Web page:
World / Crime & Legal

House Democrats plan first formal vote on impeachment inquiry


The U.S. House of Representatives will hold its first formal vote Thursday on the impeachment inquiry into President Donald Trump, a senior aide said, as Democrats forge ahead with a process that includes public hearings.

The move marks a shift in strategy by Democrats who had insisted for weeks that they did not need a floor vote to proceed with investigation into Trump’s dealings with Ukraine, a posture that angered Republicans who relentlessly attacked the process as unfair.

The chamber will go on record for the first time to “lay out the next steps for the inquiry,” a senior Democratic aide said Monday after House Speaker Nancy Pelosi informed fellow Democrats about the new plan.

The effort appears aimed in part at pushing back against Republican criticism that the investigation was not providing Trump with due process.

“This week, we will bring a resolution to the floor that affirms the ongoing, existing investigation that is currently being conducted by our committees as part of this impeachment inquiry,” Pelosi said in a letter to her caucus.

The measure is likely to pass in the Democratic-controlled House given that 228 Democrats, out of a total 435 House members, are on record supporting impeachment or an impeachment inquiry.

The measure “establishes the procedure for hearings that are open to the American people, authorizes the disclosure of deposition transcripts (and) outlines procedures to transfer evidence to the Judiciary Committee as it considers potential articles of impeachment,” she added.

To date, all witness testimony in the monthlong inquiry has been taken behind closed doors, leading Republicans to slam the process — without merit — as secretive and illegitimate.

The resolution, Pelosi said, also “sets forth due process rights for the President and his Counsel” — steps that Republicans had repeatedly stressed were being ignored by the House’s majority party.

“We are taking this step to eliminate any doubt as to whether the Trump administration may withhold documents, prevent witness testimony, disregard duly authorized subpoenas, or continue obstructing the House of Representatives,” she added.

The White House reacted swiftly.

Pelosi “is finally admitting what the rest of America already knew — that Democrats were conducting an unauthorized impeachment proceeding, refusing to give the president due process, and their secret, shady, closed door depositions are completely and irreversibly illegitimate,” Press Secretary Stephanie Grisham said.

Trump himself retweeted his top House lieutenant, Minority Leader Kevin McCarthy, who said “today’s backtracking is an admission that this process has been botched from the start.”

In fact, depositions are often taken in private, to avoid witnesses aligning their stories, and this was the practice during Watergate and, more recently, in the Republicans’ Benghazi investigations.

The House rules allowing for closed-door hearings limited to members of the investigating committees in a secure room were passed by Congress in 2015, when it was controlled by the Republicans.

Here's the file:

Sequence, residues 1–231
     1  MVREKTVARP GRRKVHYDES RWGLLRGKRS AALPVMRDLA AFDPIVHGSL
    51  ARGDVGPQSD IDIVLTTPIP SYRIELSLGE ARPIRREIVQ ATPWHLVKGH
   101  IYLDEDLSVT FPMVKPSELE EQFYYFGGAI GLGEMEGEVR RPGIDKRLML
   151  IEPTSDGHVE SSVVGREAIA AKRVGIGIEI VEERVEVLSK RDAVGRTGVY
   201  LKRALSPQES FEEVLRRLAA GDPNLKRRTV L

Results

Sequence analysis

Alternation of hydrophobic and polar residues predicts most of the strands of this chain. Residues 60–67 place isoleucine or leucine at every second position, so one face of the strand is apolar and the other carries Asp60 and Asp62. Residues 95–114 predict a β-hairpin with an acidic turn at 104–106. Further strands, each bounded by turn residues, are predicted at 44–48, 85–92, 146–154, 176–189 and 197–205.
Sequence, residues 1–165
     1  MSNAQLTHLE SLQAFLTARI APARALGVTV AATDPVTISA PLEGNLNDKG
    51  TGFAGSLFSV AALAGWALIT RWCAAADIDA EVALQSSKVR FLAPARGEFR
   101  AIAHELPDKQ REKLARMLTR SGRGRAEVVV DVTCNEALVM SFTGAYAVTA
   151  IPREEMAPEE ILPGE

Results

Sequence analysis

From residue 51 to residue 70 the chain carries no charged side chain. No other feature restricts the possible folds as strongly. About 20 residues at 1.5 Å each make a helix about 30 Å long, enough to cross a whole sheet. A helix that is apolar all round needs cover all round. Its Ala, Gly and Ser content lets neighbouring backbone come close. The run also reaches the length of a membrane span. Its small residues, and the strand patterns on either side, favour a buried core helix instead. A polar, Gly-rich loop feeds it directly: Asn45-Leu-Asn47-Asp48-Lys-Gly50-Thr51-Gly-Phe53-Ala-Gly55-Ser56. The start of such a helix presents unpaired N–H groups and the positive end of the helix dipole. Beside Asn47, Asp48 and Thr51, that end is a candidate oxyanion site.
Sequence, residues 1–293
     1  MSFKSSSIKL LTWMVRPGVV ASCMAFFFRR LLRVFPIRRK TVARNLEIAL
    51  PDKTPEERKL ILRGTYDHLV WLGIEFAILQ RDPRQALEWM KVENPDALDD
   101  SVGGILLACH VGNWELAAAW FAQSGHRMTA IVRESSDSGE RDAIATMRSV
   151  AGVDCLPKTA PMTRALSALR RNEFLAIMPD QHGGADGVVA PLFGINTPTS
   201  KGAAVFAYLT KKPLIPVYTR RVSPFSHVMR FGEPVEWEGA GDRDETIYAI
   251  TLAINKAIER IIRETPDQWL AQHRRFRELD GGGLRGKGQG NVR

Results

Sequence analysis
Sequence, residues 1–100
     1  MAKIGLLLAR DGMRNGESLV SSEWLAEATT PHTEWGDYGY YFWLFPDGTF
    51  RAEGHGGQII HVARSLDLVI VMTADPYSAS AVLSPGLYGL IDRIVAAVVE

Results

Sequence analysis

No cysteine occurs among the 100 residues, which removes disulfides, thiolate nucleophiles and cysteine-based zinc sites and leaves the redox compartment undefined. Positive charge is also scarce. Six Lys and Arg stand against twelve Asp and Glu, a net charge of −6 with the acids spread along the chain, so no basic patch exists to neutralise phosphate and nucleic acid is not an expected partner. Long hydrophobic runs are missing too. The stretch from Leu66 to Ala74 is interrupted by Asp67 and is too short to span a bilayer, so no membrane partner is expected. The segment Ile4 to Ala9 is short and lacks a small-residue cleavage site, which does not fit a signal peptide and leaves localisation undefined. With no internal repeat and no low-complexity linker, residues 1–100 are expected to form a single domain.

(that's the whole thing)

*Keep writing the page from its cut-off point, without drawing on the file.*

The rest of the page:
Pelosi, Trump’s chief adversary in Congress, made her move as the impeachment showdown took an urgent new tone in Washington with a key witness defying a U.S. House subpoena to testify.

The White House has sought to block the appearance by ex-deputy national security advisor Charles Kupperman, who last week took the rare step of filing a lawsuit urging a court to rule on whether he should obey the commands of the executive branch or the legal imperatives of Congress.

Democrats are keen to hear from Kupperman, as he reportedly was on the July 25 telephone call between Trump and his Ukrainian counterpart in which the U.S. leader pushed Kiev to investigate his political opponents.

That request by Trump, and accusations he conditioned nearly $400 million in military aid to Ukraine on the political favor, form the basis of the impeachment inquiry that began five weeks ago and now threatens his presidency.

House Rules Committee chairman Jim McGovern said he would introduce the impeachment inquiry “transparency” measure Tuesday, and that the panel would debate it and hold a preliminary vote on Wednesday. Should it clear the committee, it heads to the floor for a full vote the following day.

Meanwhile, it was revealed that a military official at the National Security Council twice raised concerns over the Trump administration’s push to have Ukraine investigate Democrats and Joe Biden. The concerns were revealed in testimony the official was prepared to deliver Tuesday in the House inquiry.

Alexander Vindman, an army lieutenant colonel who served in Iraq and, later, as a diplomat, is prepared to tell House investigators that he listened to President Donald Trump’s call with new Ukraine President Volodymr Zelenskiy and reported his concerns to the NSC’s lead counsel.

“I did not think it was proper to demand that a foreign government investigate a U.S. citizen, and I was worried about the implications for the U.S. government’s support of Ukraine,” Vindman will say, according to his prepared testimony.

“I realized that if Ukraine pursued an investigation into the Bidens and Burisma, it would likely be interpreted as a partisan play which would undoubtedly result in Ukraine losing the bipartisan support it has thus far maintained. This would all undermine U.S. national security.”

Vindman is the first current White House official set to appear as the impeachment inquiry reaches deeper into the Trump administration and Democrats prepare for the next, public phase of the probe.